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Millions of people attend a timeshare presentation every year. Millions more are invited but do not attend. You are probably one of those people, and if you’re not, it is pretty easy to get yourself invited to one. I honestly love sales presentations, but that is because I know sales tactics which helps me see them for what they are and survive them. That being said, I find lots of of them to be informational and fun, and the fancy snacks and “free” gift offered are not shabby either.

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What exactly is a timeshare presentation?

Down to the nuts and bolts: It is nothing but a sales pitch by the timeshare companies to entice people into buying their timeshares. It begins with an invitation offering you an expensive free gift in return of attending the presentation. Now you go to the presentation thinking that there is no harm in attending and you get a free gift also in return, but you then realize that you may have made a huge mistake when you need to sit through an uncomfortable sales meeting.

I personally have been to probably five or six presentations. We did purchase one on the fifth, and I personally love our timeshare and am happy we purchased it. I want to say this because I think it will help with the context of my survival tips which are as follows.

1) Be rational, not emotional

Any sale which is made on emotion has actually a higher likelihood of buyer’s remorse. A rational decision can be explained that it was a good idea at the time and in that circumstance. An emotional decision is one that may not have been made otherwise which could lead to bitter feelings. So be careful of how you are feeling during the sales meeting. Rationally, you want to know what you are getting, know what it will cost you, so you can decide if it is the right decision for you. Ask rational questions about cost and about what you are getting. Once you decide “no”, make sure it is a business decision that just doesn’t make sense. In this way you do not have to harbor ill feelings. You can justifiably say “no”. Responses could simply be “Okay, I understand. I can see we are not going to make use of this so it’s not in our interest to spend money on it.” A popular sales response is “Well, how much can you afford?”. You can be realistic and say that if the price were low enough you’d consider it, but if you don’t think you will ever use it, a fine answer is that as you will never use it, there is no reason to spend any amount of money on it. Realize that for your gift you agreed to give them their time so you will get more attempts at sales. So be polite and thank them for your gift.

2) Be confident in your decision

Expert salespeople are able to break resistance down. If you know your decision, remain absolute about it. Keep a polite and open mind, but also be confident in what you want and what you don’t want. We had been invited to a presentation a few years back and were offered a $75 gift card for our time. We were interested in the gift card and knew that there was a slim to none chance we would certainly want what they were offering. As they did make the offer, we accepted. We still kept an open mind but could tell early on we would certainly not be interested. In the one-on-one, we were steadfast about our decision. The sales person tried quite a few times but as we remained absolute he could see that any more time on us would certainly be wasted time when he could be selling to someone who would certainly be more likely to buy.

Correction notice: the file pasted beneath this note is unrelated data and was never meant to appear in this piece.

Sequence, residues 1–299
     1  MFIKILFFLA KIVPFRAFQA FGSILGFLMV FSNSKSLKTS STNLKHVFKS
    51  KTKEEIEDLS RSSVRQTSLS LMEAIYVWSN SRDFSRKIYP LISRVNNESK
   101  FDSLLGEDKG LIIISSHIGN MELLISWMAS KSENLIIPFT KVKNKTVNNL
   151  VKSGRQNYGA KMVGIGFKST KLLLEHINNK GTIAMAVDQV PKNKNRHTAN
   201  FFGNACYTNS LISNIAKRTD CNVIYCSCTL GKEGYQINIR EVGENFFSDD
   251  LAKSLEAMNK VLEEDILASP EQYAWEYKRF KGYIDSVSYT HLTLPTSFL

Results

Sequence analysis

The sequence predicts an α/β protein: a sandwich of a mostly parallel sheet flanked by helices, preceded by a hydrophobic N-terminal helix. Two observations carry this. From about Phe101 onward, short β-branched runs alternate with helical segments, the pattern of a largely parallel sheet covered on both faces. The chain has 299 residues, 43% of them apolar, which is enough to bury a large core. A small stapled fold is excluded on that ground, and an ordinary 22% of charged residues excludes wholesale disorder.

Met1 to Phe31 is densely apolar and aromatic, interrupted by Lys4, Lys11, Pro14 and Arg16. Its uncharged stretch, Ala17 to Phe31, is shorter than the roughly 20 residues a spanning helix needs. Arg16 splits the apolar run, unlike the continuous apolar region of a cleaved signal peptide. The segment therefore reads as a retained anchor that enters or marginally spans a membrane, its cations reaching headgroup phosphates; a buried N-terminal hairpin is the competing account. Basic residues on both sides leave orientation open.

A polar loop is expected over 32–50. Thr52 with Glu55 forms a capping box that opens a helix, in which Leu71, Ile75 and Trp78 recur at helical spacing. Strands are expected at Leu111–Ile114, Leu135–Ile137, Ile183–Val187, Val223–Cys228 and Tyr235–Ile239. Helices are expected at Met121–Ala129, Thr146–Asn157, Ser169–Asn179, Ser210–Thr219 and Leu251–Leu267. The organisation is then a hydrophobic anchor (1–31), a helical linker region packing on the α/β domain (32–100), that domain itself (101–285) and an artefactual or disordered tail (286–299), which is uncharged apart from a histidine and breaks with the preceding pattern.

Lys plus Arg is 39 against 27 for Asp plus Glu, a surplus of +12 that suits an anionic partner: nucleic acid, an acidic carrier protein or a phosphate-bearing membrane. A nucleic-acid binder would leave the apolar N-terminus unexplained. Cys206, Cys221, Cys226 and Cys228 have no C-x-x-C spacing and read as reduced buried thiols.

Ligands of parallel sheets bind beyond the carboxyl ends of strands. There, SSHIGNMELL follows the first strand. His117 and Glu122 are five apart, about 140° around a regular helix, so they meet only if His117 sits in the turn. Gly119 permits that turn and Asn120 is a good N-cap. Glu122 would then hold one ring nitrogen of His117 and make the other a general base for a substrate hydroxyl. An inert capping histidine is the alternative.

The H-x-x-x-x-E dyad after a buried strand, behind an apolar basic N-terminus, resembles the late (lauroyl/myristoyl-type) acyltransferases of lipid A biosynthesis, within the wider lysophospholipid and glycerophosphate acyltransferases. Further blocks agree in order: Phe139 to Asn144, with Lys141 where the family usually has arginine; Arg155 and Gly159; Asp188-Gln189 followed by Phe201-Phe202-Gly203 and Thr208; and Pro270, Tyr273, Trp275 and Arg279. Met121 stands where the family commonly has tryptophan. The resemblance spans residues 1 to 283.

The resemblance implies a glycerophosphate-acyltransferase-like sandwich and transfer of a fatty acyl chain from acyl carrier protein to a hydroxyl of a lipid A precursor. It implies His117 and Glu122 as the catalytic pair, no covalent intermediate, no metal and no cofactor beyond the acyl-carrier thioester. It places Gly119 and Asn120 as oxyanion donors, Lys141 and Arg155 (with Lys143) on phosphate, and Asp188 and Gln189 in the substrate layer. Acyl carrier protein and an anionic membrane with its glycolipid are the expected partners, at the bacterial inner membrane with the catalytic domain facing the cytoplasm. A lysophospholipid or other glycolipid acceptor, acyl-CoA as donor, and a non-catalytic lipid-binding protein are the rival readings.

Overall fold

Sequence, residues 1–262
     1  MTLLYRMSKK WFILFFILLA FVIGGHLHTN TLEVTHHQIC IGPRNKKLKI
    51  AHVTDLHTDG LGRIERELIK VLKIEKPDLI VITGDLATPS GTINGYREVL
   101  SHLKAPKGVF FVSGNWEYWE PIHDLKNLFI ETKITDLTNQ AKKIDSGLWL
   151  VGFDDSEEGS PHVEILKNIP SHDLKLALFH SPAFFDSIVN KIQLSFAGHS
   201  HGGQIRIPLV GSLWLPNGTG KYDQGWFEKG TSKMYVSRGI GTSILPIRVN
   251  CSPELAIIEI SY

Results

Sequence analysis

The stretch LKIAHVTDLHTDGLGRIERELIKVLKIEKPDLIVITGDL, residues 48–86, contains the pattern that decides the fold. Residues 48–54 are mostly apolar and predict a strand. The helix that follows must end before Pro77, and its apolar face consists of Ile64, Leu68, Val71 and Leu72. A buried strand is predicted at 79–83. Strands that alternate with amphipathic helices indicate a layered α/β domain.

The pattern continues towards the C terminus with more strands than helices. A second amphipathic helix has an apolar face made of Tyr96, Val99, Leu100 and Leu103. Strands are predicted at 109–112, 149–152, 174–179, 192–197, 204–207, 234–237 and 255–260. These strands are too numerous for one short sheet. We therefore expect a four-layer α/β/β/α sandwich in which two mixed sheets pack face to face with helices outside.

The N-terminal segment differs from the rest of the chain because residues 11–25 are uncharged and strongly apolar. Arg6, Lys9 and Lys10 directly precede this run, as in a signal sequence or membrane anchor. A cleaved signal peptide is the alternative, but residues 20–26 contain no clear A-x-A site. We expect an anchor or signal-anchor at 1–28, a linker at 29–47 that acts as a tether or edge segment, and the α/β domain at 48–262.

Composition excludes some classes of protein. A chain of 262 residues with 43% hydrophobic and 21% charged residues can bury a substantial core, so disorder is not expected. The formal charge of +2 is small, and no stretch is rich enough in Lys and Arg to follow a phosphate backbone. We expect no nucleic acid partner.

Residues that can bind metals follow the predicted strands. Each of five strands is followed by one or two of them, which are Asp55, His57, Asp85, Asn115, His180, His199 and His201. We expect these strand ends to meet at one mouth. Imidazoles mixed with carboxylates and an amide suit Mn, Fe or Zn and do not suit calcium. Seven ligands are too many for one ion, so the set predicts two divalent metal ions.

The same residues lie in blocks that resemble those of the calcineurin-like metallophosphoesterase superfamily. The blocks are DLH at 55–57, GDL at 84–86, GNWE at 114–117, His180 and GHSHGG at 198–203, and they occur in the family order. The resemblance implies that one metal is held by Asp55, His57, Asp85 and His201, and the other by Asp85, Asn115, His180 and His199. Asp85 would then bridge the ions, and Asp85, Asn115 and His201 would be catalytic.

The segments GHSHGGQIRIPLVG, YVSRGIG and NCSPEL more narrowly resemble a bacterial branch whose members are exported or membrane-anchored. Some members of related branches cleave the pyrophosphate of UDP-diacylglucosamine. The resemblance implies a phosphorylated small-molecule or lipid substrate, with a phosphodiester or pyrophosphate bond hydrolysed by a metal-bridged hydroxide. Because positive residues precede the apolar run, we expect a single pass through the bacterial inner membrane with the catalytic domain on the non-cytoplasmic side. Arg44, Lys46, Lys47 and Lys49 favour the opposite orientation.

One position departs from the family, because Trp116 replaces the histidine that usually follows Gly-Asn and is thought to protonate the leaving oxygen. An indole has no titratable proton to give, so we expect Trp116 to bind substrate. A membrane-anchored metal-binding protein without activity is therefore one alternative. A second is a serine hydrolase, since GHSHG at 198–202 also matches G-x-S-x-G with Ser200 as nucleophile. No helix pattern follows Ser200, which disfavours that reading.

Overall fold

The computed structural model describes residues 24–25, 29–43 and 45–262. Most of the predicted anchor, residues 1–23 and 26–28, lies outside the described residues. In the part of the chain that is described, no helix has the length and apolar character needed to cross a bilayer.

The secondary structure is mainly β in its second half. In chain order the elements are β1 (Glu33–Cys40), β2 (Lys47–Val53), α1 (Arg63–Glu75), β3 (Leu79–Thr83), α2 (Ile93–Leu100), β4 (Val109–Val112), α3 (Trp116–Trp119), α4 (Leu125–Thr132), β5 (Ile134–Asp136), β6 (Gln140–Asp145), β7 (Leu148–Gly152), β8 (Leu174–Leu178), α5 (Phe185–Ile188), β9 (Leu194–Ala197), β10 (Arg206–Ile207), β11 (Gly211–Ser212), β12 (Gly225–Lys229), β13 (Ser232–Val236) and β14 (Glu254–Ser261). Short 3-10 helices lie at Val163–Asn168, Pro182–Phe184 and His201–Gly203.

3) Remain objective and keep an open mind.

Do not go in with resistance. Have an open mind. Because maybe a timeshare purchase is the right thing for you, but having a closed mind already will be frustrating to you when the salesperson makes their pitch, and it will be frustrating to the salesperson as well because he will feel he did not even get a chance to make a pitch. Prepare for your presentation and go in knowing what you are looking for.

For the purchase we made in Hawaii, my wife and I had already discussed beforehand the merits of owning a timeshare. We realized we love Hawaii, we loved traveling, we could see ourselves going to Hawaii at least every other year, and with this in mind we just had to see if it made financial sense.

Even the presentation I mentioned before with the $75 gift card we entered with an open mind. We knew what our goals were and that a timeshare was not involved, but we still wanted to be fair and listened with an open mind. It was clear quickly that we would certainly not be interested, but having an open mind was the fair thing to do and set a good habit because sometimes opportunities will come along that you will miss if you have a closed mind, such as a nice Hawaii timeshare which fit in perfectly with our life plans.

Having an open and objective mind from the start I felt helped everyone be at ease. At a certain point in the sales presentation you will know if it is for you or not, and then from there just remain consistent with your choice which you made with an open mind.

In conclusion, you can think of a timeshare purchase like an automobile purchase. Some sales people are friendly and courteous while others are pushy and intimidating. Do not let a bad experience with a car salesperson influence your thoughts of what a car is. Cars are great for those that need them. Similarly, don’t let a bad timeshare presentation influence what you think of timeshare properties. Buying a timeshare is a great opportunity for those that will benefit from it. So when you go to a presentation, just keep these tips in mind: Be rational, be confident, and be open minded. You will have a much more pleasant experience that way .